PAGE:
In fact, Triumph’s influence continues to be felt today and will likely do so for generations to come. It inspired countless propaganda films made in nearly every country around the world and opened the eyes of many to the potential of cinema to win the hearts and minds of the masses. Once the U.S. entered World War II, they employed the major Hollywood studios to create entertaining combat films and documentaries that would help keep stateside popular opinion on the side of ongoing military action. Riefenstahl’s film has also been used as a roadmap for corporations and political parties to craft their own partisan documentary features supporting and opposing causes, laws, and elected officials. The director herself was the toast of the Third Reich following Triumph’s success, and once Hitler’s reign of terror came to an end a decade later she was deservedly tarred forever as a Nazi and went to her grave in September 2003 at the ripe old age of 101 haunted by the role her filmmaking played in the mass death and devastation the Nazis inflicted on Europe and the soul of the world. Good. She may have had final cut, but she was still following orders.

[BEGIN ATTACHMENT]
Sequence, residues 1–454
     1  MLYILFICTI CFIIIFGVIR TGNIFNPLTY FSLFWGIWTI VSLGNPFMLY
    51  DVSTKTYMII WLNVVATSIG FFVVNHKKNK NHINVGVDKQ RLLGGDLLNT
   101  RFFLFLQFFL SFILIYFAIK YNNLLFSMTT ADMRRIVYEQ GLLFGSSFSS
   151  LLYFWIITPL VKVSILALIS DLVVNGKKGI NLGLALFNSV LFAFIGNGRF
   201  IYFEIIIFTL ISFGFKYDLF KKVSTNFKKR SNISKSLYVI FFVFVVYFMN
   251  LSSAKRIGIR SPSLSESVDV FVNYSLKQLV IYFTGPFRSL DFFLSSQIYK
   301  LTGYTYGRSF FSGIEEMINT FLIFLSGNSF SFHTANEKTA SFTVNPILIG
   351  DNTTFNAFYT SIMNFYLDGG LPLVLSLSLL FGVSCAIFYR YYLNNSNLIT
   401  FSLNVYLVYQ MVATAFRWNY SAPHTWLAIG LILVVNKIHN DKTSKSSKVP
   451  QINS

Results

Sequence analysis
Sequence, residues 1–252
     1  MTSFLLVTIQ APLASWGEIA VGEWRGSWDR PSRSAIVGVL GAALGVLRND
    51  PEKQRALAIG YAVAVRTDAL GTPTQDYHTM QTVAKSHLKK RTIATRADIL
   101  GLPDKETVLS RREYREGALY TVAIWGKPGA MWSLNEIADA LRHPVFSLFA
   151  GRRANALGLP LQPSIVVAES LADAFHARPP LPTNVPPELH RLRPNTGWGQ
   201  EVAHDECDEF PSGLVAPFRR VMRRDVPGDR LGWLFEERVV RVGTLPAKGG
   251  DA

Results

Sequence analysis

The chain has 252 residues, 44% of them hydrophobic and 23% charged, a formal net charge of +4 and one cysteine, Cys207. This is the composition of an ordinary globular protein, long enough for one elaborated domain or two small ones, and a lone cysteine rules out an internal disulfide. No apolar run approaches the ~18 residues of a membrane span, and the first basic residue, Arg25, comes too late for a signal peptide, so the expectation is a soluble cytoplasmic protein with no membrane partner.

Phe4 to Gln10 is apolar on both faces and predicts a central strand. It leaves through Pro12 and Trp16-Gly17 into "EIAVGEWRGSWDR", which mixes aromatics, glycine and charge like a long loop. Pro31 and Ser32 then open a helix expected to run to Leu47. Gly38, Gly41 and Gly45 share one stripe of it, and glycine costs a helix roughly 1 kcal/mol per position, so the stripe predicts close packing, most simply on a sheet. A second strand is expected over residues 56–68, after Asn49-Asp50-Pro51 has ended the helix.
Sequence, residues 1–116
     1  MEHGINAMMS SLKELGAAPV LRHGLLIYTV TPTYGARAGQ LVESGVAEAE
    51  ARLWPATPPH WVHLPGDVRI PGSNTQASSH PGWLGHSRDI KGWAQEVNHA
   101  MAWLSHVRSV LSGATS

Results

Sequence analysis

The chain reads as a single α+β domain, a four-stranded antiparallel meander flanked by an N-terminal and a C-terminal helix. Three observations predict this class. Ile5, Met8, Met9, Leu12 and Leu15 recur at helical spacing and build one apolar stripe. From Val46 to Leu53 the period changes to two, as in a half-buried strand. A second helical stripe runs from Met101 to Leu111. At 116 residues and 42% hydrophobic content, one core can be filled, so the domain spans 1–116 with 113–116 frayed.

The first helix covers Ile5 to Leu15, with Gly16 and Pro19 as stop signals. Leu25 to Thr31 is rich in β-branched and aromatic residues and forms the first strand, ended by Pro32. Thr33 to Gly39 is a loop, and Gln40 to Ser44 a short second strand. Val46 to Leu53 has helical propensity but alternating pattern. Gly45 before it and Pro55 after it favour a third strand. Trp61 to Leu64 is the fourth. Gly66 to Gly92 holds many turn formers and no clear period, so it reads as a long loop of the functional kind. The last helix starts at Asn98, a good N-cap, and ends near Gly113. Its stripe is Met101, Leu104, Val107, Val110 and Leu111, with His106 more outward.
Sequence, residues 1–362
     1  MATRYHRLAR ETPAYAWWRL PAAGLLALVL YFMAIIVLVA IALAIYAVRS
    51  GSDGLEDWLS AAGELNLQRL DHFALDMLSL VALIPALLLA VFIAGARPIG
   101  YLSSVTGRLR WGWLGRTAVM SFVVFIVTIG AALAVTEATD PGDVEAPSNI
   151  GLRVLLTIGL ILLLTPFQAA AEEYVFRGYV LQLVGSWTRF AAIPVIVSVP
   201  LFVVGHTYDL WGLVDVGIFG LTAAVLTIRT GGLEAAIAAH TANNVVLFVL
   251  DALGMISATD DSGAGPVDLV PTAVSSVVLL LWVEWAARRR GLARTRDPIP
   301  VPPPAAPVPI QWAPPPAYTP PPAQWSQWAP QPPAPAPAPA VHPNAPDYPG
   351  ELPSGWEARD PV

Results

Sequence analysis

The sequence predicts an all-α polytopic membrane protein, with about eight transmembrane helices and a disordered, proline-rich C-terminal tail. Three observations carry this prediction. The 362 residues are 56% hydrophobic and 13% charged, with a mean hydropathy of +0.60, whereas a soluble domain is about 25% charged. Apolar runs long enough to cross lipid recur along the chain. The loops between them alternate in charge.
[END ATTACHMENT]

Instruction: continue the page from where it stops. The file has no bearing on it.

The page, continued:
The centerpiece of Synapse Films’ Blu-ray edition of Triumph of the Will is an all-new high-definition transfer presented in the film’s original 1.19:1 aspect ratio that was created from a 2K scan of a 35mm duplicate fine grain master print that underwent an extensive digital clean-up over a period of two years. The restoration was carried out under the supervision of Robert A. Harris of The Film Preserve and special effects expert Greg Kimble. At the expense of the important preservation of grain, the transfer contains a few digital artifacts, but according to the liner notes they are “less intrusive than the original film damage”. Given the age and condition of the elements used for the restoration, the grain is very natural and not overpowering, while damage is minimal and black levels are solid and definite. Close-up shots boast the finest prominent upgrade in detail and clarity. The only audio choice is a German DTS-HD Master Audio 2.0 soundtrack that, per the liners, “was harvested from the original optical tracks of the fine grain duplicate, and digitally cleaned to make the listening experience as pleasant as possible”. The clean-up work produced robust, laudable results, with stable volume levels and a deficiency of distortion and persistent audio damage. English, Castilian Spanish, Parisian French, and Japanese subtitles have also been included.